A water pump at a Springfield, Ill. utility failed Nov. 8. Usually this would be considered a technical difficulty, but this failure has raised eyebrows of the federal government.
Joe Weiss, a cybersecurity expert, disclosed the incident on his blog Thursday and pointed the finger at foreign cyber attackers. Now the U.S. Department of Homeland Security and the FBI are investigating the pump failure as a possible attack, according to a Reuters report.
“DHS and the FBI are gathering facts surrounding the report of a water pump failure in Springfield, Illinois,“ according to a statement from DHS spokesman Peter Boogaard. “At this time there is no credible corroborated data that indicates a risk to critical infrastructure entities or a threat to public safety.“
The breach was discovered when a water district employee noticed that the system kept turning on and off, resulting in the water pump burning out, according to Wired.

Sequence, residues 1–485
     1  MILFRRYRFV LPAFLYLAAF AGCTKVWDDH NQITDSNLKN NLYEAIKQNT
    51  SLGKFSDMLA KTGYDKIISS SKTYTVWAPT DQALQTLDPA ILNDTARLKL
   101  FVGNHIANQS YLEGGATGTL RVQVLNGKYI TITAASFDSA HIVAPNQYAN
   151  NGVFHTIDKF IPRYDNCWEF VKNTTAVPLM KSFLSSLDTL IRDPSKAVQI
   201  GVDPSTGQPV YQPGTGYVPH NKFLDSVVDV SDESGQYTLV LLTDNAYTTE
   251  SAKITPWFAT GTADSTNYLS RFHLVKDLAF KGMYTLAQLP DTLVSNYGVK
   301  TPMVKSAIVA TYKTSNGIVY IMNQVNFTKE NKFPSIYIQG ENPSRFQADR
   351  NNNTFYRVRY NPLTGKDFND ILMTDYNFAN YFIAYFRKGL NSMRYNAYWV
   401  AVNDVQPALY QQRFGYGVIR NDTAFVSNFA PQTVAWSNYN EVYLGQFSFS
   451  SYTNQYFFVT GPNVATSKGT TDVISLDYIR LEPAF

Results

The hackers stole credentials from a company that makes software used to control industrial systems, Weiss said. They also stole usernames and passwords from the company to gain remote access to the utility.
In fact, the hackers may have had access to the utility in September, according to the “Public Water District Cyber Intrusion“ report, released by the Illinois Statewide Terrorism and Intelligence Center on Nov. 10.
The report does not describe what the glitches were, Weiss told Wired, but could reference problems legitimate users experienced when trying to access the system remotely.
“They just figured it's part of the normal instability of the system,“ Weiss said to Wired. “But it wasn't until the SCADA system actually turned on and off that they realized something was wrong.“